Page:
The true cost of 'helpers' …

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Last month, I wrote a post that was a little scathing about what I call ‘middle-men’ and Warren Buffett calls ‘helpers’ … all of those people inserted between us and those fantastic “little pieces of American Business” [another Buffett quote … he means ‘stocks’] that we want to buy.

The problem is they cost us …

and, for every 1% in fees that they cost us, and our returns on $100,000 invested for 20 years goes down as follows:

1% 2% 3% 4%
 $17,383.14  $31,876.74  $43,938.73  $53,958.08

That’s how much you LOSE from what you COULD have earned on that $100,000; scroll to the bottom [better yet, keep reading] to see what Warren Buffett actually estimates all of these middlemen (agents, brokers, advisers) to cost American Business – hence us!

In the meantime, let me cast my views on these two important topics:

Financial Advisers

I will lay it right out on the table for you: I don’t like ’em, don’t trust ’em … but, sometimes you can’t live without ’em. In fact, I usually advise people to see a financial adviser and, I have NEVER told people not to.

I’m just telling you my opinion 😉

I see four problems:

1. Commissions – in the USA, most advisers are tied in some way or another to selected funds and/or providers … they will not or can not, provide you with truly independent advice. Sure, they may be honorable and educated and ethical (of course, they all are) but would you go to an honorable and educated and ethical Lexus salesman and expect her to advise you to buy a Maserati?

2. Fees – I love them! Truly … if I pay a fee I know I should be getting what I need, not what some ‘freebie’ guy is selling me. Unfortunately, in the financial planning industry even fee-only advisers can have affiliations to selected providers via agency, equity, or simply because they only have experience with a limited product set.

3. Results – How rich is your financial adviser? How rich do you want to become? They should be as rich as you want to become x 10 [AJC: OK, as rich as you want to become x 1 or 2 for right now is OK … but, when you get half-way whomever you ask for financial/commercial advice should be as rich as you want to become x 5]. And, if they are stinking rich already, did they get there because they invested in the same way as they are advising you or because they run a damn good financial planning business (which requires more selling talent than investing skill)?

4. Product – When was the last time that a financial adviser – particularly a financial planner – said, “Look Bud, I’d love to sell you this really great financial product, but [takes you aside, puts his arm around you and whispers conspiratorially] what you really need to do is [insert sensible alternate investment of choice: invest in real-estate; buy your own home; put the money towards starting a new business; look for 4 or 5 undervalued businesses and buy their stocks]” ?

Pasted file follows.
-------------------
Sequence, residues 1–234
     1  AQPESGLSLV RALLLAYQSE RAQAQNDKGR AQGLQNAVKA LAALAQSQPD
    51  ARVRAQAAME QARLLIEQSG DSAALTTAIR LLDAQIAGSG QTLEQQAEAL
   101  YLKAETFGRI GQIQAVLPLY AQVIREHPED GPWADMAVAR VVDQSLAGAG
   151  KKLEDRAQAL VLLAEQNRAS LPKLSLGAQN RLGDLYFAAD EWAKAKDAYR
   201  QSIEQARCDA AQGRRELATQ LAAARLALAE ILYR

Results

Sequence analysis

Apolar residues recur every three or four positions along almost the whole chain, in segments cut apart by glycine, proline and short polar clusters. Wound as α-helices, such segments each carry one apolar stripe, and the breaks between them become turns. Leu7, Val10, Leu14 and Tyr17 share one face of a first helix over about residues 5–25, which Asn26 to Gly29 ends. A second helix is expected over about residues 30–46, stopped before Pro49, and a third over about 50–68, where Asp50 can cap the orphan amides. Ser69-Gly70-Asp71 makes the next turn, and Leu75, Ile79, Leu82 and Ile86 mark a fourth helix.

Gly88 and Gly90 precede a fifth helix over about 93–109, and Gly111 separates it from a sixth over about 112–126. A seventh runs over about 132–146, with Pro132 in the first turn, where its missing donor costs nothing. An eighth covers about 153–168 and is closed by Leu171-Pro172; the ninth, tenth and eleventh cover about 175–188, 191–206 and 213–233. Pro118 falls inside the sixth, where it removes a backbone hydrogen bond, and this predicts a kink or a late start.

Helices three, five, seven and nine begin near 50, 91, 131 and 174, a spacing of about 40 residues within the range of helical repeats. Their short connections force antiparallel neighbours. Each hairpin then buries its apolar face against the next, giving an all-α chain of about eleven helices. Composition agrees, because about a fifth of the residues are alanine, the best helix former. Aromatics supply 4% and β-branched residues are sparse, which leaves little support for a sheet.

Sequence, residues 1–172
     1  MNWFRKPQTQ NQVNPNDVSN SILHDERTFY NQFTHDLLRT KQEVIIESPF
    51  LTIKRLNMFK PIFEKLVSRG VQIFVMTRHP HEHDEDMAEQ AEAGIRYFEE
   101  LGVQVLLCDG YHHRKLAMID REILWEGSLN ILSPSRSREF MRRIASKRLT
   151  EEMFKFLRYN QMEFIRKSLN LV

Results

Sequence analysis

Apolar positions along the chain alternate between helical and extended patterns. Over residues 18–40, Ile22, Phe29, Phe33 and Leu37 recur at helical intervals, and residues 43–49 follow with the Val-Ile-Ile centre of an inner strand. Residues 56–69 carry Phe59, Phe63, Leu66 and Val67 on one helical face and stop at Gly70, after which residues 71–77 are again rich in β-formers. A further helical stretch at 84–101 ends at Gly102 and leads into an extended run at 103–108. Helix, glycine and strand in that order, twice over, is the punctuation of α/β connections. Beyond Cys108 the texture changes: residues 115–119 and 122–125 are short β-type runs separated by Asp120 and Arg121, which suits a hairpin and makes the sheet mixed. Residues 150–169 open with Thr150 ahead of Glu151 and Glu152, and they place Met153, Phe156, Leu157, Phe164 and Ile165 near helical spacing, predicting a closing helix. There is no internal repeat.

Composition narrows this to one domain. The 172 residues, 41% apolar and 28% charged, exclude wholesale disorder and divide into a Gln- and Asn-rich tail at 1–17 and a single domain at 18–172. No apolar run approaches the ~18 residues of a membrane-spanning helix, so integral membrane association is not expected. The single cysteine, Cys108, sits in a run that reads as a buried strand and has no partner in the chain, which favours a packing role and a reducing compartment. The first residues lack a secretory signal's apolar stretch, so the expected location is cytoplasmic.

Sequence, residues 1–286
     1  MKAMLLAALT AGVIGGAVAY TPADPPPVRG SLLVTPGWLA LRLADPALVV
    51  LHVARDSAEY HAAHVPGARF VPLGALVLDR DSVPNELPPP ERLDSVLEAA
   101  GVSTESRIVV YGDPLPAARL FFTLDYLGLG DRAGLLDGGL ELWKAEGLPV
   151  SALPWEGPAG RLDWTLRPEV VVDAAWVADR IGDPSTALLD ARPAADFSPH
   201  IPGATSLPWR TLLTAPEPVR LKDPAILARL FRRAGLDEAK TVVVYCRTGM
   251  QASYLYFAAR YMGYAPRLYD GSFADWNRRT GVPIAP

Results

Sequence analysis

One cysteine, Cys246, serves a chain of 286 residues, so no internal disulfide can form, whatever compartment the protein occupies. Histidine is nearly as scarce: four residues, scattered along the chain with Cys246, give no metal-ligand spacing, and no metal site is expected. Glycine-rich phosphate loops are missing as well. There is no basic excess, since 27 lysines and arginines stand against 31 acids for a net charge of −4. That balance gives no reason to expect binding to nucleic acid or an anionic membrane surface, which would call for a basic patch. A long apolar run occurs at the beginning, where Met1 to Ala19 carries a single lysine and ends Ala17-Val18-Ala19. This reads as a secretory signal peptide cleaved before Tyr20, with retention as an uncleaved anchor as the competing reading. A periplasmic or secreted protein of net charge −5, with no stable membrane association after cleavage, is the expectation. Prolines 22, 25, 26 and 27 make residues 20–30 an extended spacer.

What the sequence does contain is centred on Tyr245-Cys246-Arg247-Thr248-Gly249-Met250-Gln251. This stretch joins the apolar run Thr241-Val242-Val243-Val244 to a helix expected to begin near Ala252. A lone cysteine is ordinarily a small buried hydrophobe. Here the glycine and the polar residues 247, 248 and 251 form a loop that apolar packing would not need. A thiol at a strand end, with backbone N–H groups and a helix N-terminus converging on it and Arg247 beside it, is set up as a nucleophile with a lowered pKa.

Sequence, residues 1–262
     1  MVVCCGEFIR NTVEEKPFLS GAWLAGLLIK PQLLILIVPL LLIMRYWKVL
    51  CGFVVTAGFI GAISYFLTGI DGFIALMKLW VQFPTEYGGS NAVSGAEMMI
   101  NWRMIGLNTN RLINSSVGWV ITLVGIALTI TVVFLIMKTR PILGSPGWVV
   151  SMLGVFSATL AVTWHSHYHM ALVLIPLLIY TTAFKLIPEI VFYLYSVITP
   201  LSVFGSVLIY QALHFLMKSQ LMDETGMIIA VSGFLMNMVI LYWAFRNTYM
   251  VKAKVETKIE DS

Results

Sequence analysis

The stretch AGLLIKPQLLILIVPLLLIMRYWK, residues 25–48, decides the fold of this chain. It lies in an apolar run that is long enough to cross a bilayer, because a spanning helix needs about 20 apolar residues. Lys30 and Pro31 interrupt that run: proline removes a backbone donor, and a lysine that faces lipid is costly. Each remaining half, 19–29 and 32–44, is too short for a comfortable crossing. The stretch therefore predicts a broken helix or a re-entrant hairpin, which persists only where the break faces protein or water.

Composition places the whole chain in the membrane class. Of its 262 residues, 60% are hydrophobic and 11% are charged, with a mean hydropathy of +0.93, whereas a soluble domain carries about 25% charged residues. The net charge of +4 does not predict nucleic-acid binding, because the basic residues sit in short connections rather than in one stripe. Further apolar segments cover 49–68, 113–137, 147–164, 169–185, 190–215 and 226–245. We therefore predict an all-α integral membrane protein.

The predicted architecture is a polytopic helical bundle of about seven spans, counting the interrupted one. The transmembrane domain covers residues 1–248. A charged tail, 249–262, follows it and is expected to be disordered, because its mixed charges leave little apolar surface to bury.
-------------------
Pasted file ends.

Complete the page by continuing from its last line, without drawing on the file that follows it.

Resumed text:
Personally, I’ve never been to a financial planner [AJC: actually once, nice guy – I went because I kind’a know him socially – but, as soon as he started talking ‘business’ I felt my skin crawl and couldn’t wait to get out of there!], I would rather look for a business/investment savvy accountant to run the numbers for me.

Invisible Middle-Men

These are the guys researching, packaging, distributing, and managing investments for you. The most ‘typical’ product that we are talking about here are Managed Funds, which all carry fees – most hefty, some miniscule – to cover the costs associated with all of these ‘invisible’ middle-men, as well as the financial planner’s commission (if you decided to go with Option 1., above after all).

The problem is that, even if you wanted to diversify [you shouldn’t!] you wouldn’t buy one of these funds through an adviser/salesman … you would go direct to, say, Vanguard’s web-site and sign up for their lowest-cost broadest-based Index Fund and start contributing … and, you wouldn’t need to come up for air for another 30 years!

Warren Buffett talks a lot about other middle-men; what he laughingly calls the “Helpers” (as in “I’m from the Government and I’m here to help you”) e.g. the stockbrokers, the hedge fund managers) and if you want to read his beautifully laid out reasoning from his 2005 Letter to Shareholders, check out this article.

In the meantime, I lead you to Warren’s stunning conclusion:

The burden of paying Helpers may cause American equity investors, overall, to earn only 80% or so of what they would earn if they just sat still and listened to no one.

Try compounding a 20% ‘loss’ over 10 years and see what you end up with!

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2 thoughts on “The true cost of 'helpers' …

  1. Hi AJC,

    Regarding the wealth of your advisor isn’t that more representative of the fees they are charging and the number of clients they may have? Wouldn’t it make more sense to see their client list and show that they have clients that are 2 – 10X your net worth and hopefully a good part of that came from investing with them??

    Just a thought.


  2. @ Big Cheese – Ideally, you want help from somebody who has made many times what you hope to achieve in the same way that you hope to achieve it.

    BTW: an adviser may have rich clients because that’s how they pitch their business … and they’re very good at it: ‘pitching’ that is 😉

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